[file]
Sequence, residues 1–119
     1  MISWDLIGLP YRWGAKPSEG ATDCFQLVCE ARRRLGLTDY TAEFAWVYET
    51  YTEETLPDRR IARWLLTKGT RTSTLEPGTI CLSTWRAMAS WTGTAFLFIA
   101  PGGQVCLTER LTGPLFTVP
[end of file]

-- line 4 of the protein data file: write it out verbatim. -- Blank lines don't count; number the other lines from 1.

   101  PGGQVCLTER LTGPLFTVP